Was the Riedel piece your best work? Oh I don't know, I can think of quite a few others that made me laugh harder, some tender pieces that made me swoon and several that had me simply marveling in your raw talent and perfect pitch and gift with the written word. That said, I ended up loving the piece as much as those precisely because of your, (as well as Tim's) willingness to stand up to a bully and put your mouth where their money is. For the rest of us as much, if not more, than for yourself.....not to mention what an absolute thrill it was for this very long time fan of yours to see how many people came out in support of You. I was and am very proud of you my dear sweet Ron. Not everyone has had the pleasure to know you as long and I'm guessing few have loved you as deeply so for this too I find myself wishing to thank you, for showing so many what I already knew, what a strong willed and wonderful man you are. I love you.

James said...

I once had a very good friend that was a HUGE proponent of Riedel. I used to love to tease her about it, proclaiming my belief that the brand was more marketing than substance. Now she works for them and doesn't talk to me any more :(

Some powerful Kool-Aid they serve there!!

Jet Fuel said...

Amen, to both you and Tim. Keep up the great work!

Daniel said...

I just returned from vacation and missed the actual bru-ha-ha, though I did read your original piece on my phone while the kids played in the pool. I thought it was your usual biting and dead-on great stuff.
Sorry I didn't have time to chime in before...thanks for giving them hell!

I'd pitch my few remaining glasses, but I'm too cheap, and they were free. Thank god I have never given them my money.

...and I swear the one of the best glasses of wine I ever had was drunk out of a tumbler on a patio in Tuscany...or was it that Rose from the mini fridge in Provence? Funny that I don't ever remember a memorable piece of stemware.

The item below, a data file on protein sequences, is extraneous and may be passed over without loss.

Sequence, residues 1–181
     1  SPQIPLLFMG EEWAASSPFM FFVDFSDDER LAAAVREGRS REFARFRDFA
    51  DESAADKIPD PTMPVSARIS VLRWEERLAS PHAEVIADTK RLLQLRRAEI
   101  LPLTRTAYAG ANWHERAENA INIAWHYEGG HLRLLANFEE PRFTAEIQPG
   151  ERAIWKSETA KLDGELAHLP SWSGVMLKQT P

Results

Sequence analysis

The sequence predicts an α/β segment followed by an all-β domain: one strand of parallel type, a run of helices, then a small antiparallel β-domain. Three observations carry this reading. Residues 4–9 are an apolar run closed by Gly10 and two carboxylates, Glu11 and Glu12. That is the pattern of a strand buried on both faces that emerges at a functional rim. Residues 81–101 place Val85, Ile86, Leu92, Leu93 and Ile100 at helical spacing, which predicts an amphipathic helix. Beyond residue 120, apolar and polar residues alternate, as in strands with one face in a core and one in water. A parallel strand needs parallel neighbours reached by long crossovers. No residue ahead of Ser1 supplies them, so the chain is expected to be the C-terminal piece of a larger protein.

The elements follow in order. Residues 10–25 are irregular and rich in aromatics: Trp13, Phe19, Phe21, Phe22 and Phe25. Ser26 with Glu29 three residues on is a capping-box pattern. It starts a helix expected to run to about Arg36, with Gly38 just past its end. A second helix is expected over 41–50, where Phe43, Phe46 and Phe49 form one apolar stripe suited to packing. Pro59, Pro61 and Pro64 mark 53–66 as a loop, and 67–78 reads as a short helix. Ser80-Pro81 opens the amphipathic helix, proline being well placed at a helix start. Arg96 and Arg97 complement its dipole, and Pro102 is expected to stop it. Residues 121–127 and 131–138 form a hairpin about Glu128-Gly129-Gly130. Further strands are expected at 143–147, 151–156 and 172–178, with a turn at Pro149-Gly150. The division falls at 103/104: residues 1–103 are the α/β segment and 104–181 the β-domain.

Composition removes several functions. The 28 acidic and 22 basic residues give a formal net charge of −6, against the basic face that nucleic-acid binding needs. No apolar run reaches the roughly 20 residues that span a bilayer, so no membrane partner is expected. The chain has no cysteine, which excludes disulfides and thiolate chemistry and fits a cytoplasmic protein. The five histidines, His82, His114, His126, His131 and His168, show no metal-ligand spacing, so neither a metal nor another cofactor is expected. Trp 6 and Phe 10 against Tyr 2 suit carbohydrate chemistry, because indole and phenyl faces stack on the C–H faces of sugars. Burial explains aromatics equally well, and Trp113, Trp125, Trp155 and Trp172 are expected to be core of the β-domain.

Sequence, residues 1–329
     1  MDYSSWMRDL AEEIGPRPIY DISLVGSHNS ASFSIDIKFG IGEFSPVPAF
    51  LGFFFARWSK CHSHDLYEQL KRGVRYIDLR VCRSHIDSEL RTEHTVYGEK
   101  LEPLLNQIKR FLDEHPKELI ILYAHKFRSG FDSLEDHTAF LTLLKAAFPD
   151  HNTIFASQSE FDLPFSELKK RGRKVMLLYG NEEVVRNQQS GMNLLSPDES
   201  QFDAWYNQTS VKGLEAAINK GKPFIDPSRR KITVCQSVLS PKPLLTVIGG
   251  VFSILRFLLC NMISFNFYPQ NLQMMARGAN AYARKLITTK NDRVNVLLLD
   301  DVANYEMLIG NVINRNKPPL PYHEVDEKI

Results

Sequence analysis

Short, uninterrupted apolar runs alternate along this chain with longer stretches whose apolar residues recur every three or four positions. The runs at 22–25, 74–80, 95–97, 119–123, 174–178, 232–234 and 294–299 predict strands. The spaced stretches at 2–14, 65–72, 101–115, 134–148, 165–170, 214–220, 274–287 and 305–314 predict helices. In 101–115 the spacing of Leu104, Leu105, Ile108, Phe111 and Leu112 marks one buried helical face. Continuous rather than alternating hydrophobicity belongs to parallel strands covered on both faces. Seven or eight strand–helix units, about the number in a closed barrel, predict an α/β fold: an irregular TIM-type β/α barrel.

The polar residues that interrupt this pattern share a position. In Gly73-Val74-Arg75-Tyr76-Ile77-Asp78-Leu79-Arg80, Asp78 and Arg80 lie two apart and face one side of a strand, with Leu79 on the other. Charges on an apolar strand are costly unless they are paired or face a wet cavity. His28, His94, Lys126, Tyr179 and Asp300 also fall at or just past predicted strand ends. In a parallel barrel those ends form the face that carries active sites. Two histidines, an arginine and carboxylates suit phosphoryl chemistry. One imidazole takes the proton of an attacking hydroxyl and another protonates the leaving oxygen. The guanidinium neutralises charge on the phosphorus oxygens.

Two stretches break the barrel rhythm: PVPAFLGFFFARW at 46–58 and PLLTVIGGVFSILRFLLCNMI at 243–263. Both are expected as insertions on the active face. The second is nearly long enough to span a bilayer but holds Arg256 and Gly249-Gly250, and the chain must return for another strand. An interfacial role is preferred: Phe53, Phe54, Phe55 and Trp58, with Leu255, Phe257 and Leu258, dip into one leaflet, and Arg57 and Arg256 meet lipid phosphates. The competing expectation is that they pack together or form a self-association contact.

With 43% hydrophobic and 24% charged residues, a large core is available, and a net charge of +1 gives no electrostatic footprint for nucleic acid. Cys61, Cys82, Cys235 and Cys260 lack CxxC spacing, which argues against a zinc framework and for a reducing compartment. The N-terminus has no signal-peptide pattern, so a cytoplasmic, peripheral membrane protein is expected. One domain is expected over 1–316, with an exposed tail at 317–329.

mwangbickler said...

A nice piece, Ron.

It was a pleasure meeting you this past week. While I don't find everything you write to be terribly witty and insightful, the wine world needs you. It needs that voice from the inside that says, "hey, wait a minute..." It needs people like you to poke fun at it, and call out its ridiculousness and shortsightedness. Wine people frequently take themselves WAY too seriously, and its good that you are there to inject a little humor and wisdom.

Bravo for continuing to take chances and push the envelop of decency.


David said...

Hey Ron
That piece just showed how much we wine-idoits need a bloke like you to poke at the Mrs. Hyacinth Buckets of the wine world! Although I only joined in on the fun in march this year, I've read all the previous posts - I love what you do as the HoseMaster that much (either that or I am an utter idiot at spending time correctly in my life...)
A thumbs up for all the cold showers and messing about you bring to the wine-world.
Like the photo - Have you noticed that they actually point to themselves as "winemakers"? Wouldn't "large-wine-dispensers-without-lid"-makers be more appropriate?


Don Clemens said...

I haven't had this much fun since Nixon resigned. Well, that may be a bit hyperbolic, but still...

Keep up the great work, Ron!

Ron Washam, HMW said...

Common taters,
Tim and I share amazement at the support of people during this strange ride. It was clear from the earliest moment that a lot of folks were enraged at the events of "Riedeltor." And were willing to help, even when they disliked my work personally. And a lot of people dislike my work, even despise it. This brings me joy, for the most part.